Dean's Lecture

Online Ads and Offline Sales: Measuring the Effects of Online Advertising via a Controlled Experiment on Yahoo!

Wednesday, February 12, 2014
4:10 pm to 5:30 pm
David Reiley

David Reiley will present the results of a randomized experiment with 1.6 million customers measuring positive causal effects of online advertising for a major retailer. The advertising profitably increases purchases by 5%. 93% of the increase occurs in brick-and-mortar stores; 78% of the increase derives from consumers who never click the ads. This large sample reaches the statistical frontier for measuring economically relevant effects. Econometric efficiency was improved by supplementing experimental variation with non-experimental variation caused by consumer browsing behavior. This experiment provides a specification check for observational difference-in-differences and cross-sectional estimators; the latter exhibits a large negative bias three times the estimated experimental effect.

David Reiley is a research scientist at Google. He is a pioneer in the use of field experiments in economics. Economics has historically been an observational rather than an experimental science, but David has been a leader in the movement to introduce experiments wherever possible. He designed field experiments to test theories of auction bidding and charitable fundraising before he began to focus on experimental measurement of the effects advertising on consumer behavior.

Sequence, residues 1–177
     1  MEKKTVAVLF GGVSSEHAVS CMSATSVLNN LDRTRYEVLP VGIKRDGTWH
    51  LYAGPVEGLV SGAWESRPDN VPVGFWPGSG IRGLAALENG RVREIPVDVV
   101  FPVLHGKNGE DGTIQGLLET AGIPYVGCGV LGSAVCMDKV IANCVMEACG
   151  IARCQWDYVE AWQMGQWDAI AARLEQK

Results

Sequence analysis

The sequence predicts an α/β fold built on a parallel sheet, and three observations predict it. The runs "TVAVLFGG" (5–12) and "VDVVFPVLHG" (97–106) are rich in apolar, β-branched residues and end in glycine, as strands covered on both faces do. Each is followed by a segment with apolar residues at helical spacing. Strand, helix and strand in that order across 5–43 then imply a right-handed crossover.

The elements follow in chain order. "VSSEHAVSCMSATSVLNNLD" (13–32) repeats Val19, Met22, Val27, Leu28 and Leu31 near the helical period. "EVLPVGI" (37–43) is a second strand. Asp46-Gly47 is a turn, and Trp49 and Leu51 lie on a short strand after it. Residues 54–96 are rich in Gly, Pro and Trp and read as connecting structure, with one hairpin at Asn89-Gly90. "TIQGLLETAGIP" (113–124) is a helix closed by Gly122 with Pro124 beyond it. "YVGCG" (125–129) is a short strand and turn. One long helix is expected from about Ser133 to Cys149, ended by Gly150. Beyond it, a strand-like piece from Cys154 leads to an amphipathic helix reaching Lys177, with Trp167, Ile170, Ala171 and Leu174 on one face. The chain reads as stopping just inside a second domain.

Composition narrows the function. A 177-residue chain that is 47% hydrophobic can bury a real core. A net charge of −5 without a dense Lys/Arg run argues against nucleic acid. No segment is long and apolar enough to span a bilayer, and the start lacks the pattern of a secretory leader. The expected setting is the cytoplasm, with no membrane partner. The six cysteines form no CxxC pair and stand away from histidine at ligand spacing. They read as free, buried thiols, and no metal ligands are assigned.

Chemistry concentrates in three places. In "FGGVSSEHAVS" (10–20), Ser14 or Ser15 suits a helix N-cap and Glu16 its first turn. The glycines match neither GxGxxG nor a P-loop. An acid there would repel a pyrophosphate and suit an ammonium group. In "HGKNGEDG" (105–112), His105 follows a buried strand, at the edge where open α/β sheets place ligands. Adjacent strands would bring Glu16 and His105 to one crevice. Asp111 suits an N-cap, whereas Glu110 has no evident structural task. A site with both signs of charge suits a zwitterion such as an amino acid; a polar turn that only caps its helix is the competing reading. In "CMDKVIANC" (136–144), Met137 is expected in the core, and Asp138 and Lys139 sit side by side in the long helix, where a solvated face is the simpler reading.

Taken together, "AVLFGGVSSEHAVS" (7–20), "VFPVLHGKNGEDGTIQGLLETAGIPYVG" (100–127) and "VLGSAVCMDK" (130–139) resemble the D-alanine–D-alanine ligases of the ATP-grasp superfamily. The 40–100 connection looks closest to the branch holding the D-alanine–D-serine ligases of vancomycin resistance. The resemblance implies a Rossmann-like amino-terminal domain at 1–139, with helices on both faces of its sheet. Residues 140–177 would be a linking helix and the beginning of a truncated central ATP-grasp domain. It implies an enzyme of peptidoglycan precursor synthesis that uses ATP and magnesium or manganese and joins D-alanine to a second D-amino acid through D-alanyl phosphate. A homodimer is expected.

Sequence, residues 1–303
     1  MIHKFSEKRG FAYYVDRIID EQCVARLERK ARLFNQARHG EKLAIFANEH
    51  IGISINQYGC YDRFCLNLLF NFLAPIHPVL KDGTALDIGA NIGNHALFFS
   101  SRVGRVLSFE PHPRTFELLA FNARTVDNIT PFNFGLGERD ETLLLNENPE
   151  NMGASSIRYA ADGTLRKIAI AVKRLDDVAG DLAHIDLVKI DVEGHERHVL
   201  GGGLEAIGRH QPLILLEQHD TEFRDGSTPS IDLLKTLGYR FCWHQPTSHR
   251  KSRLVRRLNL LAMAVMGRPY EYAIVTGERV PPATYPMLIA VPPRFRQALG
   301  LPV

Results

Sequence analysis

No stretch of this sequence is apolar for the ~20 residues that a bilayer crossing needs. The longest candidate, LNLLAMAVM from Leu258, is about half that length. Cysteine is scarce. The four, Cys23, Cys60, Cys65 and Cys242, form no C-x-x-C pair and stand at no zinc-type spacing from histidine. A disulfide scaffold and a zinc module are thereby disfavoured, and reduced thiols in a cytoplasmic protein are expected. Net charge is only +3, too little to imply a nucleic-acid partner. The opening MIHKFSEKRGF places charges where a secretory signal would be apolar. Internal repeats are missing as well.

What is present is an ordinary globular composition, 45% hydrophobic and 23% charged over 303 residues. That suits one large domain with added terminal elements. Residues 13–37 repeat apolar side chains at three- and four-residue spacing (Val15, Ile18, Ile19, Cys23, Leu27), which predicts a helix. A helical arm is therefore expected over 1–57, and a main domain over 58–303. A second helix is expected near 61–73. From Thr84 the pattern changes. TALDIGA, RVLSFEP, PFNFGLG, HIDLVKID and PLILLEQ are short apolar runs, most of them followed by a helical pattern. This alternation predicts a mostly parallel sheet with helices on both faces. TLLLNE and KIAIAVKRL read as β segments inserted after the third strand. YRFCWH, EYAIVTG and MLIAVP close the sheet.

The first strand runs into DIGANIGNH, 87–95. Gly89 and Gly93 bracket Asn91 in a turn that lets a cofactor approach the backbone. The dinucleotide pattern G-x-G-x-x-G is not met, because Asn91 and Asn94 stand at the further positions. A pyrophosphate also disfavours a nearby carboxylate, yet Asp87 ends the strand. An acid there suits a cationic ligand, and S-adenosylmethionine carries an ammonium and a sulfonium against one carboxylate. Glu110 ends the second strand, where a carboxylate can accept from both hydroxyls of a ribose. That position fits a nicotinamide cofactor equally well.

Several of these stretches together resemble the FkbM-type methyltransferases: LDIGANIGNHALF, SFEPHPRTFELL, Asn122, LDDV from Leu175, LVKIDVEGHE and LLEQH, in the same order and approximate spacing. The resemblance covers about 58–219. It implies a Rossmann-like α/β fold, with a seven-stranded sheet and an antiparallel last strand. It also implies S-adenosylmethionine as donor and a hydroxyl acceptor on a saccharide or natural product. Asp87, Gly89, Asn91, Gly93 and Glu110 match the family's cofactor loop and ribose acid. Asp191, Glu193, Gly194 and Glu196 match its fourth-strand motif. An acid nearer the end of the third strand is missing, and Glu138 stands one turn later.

Before moving to Google in 2012, David spent five years at Yahoo! Research. He was previously the Arizona Public Service Professor of Economics at the University of Arizona. He has also taught at Vanderbilt University and at the Kellogg School of Management at Northwestern University. 

In addition to his leadership in the area of field experiments, David also achieved recognition as the first academic expert on the economics of online auctions. He has also pursued microeconomic research on the effects of bus-driver incentives in Santiago, on the strategic play of professional soccer and poker players, and on the economics of email spam.

David is the co-editor of Field Experiments at Economic Inquiry, and has served as vice president of information for the Economic Science Association. He is a coauthor of the best-selling game theory textbook Games of Strategy, with Avinash Dixit and Susan Skeath. David holds a bachelor’s degree in astrophysical sciences from Princeton University and a Ph.D. in economics from MIT.

Last updated:

August 23, 2016